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Bishop Karen and Dean Nicholas


by ben last modified 09 Jul, 2021 11:23 AM

The Acting Bishop of Salisbury, Karen Gorham, and the Dean of Salisbury, Nicholas Papadopulos

This month brings a significant change in the life of the Diocese with the departure of Bishop Nicholas. We give thanks for his ministry and all that he and Helen have been amongst us, and we pray for them as they move to pastures new. Bishop Nicholas has steered us through some significant times during which we have had an emphasis on praying, serving, and growing as we have sought to renew hope inside and outside the church. Politically there has been much to bring theological insight too including Brexit and the Salisbury poisonings and of course there has been the increasing urgency of environmental awareness as we steward God’s wonderful world. All these and much more have demanded Diocesan and national engagement and commitment.

In one way we now enter a time of waiting as those from the Diocese elected to the Crown Nomination Commission, with others, begin the task of discerning who God might be calling to be the next Diocesan Bishop. Yet Christians are not called to complacency, and the expectation of the arrival of a new Bishop needs to be balanced by a commitment to the tasks in hand, and the continuous joining in with all that God is doing in our midst. As we emerge from the pandemic there is a calling to take stock, to do the looking back and looking forward to see what we have valued and want to retain, or where things need to be different; there is a real need to address some of the challenges including the affordability of ministry and how we can properly resource a changing church with realism; and there is an opportunity to celebrate the new things that God is doing and join in with them.

In this time of change, I therefore invite you to join with me in the interim as we tackle some of these challenges and opportunities together. As we do so we can be encouraged by the helpful instructions given to the Church in Thessalonica (1 Thessalonians 5: 16 -18) ‘Rejoice always, pray without ceasing, give thanks in all circumstances for this is the will of Christ Jesus for you’.

Bishop Karen

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A street art installation in Salisbury’s High Street features the words “WHAT IF WE…” emblazoned across the top of a blackboard. Passers-by are invited to chalk their hopes and aspirations beneath. I read through the responses this morning and some of them made me smile. One reads “What if we… all had more ice-cream”. That gets my vote. Another reads “What if we… had an underground skate park”. Niche. Many more are really heartening, the sorts of pleas for peace, reconciliation and environmental sustainability that are a feature of most church intercessions boards.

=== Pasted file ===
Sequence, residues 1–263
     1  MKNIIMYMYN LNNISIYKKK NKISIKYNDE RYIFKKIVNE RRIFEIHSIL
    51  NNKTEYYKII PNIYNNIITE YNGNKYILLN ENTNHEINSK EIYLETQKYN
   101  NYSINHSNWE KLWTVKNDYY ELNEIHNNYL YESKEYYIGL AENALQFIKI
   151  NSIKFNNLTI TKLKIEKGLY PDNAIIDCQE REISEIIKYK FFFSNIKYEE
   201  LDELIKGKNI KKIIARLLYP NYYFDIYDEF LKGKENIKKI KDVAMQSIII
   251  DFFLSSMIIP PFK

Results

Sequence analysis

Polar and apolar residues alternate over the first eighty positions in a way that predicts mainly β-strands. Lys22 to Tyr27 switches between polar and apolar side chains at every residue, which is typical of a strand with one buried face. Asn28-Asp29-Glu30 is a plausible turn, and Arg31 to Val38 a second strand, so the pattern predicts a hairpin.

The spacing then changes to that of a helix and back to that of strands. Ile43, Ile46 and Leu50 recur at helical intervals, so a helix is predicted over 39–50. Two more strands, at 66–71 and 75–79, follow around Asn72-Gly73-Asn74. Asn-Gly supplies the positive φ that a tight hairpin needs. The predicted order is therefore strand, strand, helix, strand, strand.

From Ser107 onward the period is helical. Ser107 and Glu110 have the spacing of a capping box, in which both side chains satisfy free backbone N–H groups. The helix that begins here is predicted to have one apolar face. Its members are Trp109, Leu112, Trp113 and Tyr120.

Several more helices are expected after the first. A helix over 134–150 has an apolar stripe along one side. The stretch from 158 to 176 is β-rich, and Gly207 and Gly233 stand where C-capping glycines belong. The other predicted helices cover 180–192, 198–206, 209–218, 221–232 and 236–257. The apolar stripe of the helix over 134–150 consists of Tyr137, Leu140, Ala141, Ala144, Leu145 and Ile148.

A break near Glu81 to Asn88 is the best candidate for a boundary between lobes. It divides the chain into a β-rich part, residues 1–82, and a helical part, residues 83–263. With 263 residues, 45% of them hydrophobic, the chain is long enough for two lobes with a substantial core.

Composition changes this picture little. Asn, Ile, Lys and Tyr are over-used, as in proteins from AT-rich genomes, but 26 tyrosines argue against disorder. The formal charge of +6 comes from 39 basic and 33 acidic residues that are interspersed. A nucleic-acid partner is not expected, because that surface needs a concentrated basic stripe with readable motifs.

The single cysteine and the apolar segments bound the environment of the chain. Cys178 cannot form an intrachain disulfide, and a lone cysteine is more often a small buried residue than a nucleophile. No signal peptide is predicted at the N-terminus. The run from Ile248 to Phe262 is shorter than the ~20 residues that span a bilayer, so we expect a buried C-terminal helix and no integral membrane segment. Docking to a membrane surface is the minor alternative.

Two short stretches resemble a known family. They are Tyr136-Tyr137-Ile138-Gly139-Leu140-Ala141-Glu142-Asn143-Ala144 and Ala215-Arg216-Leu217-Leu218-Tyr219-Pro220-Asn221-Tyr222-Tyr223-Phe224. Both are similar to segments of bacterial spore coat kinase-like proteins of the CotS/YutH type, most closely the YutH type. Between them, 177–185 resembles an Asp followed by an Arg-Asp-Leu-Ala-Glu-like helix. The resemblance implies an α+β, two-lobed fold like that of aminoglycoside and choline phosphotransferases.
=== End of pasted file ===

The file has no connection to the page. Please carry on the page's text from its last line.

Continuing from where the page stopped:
This year I have had the privilege of chairing the Diocesan Vacancy in See Committee. We have now produced our statement of what we believe we need in our new Bishop. I am hugely grateful to the Committee’s members for their strenuous efforts in its compilation. One of the disciplines we had to learn as we worked was that of reminding ourselves that we were not embarked upon a churchy version of that piece of art. We were not setting out a wish list of everything that would be “nice to have” in a new Bishop.

No: our task was to discern what we might need in a new Bishop. That is a very different exercise because it starts from a very different place. It starts not with our agenda, but with God’s. “He measures us by our needs, and we must not measure Him by our impatience”, as Jeremy Taylor writes.

Accordingly, after much prayer and widespread consultation, we have prioritised five qualities. We believe we need a holy bishop, a visionary bishop, a courageous bishop, a unifying bishop, and a visible bishop. Yet because the agenda is God’s and not ours we know that when our new Bishop is appointed s/he may be all of those things – and may still tell us things we don’t wish to hear and lead us down paths we have not yet followed.

We pray that the six Diocesan representatives who will serve on the Crown Nominations Commission will work effectively with their colleagues from the national Church to realise God’s will for our needs. And if the next Bishop of Salisbury gives us all more ice-cream then I for one will not be complaining...

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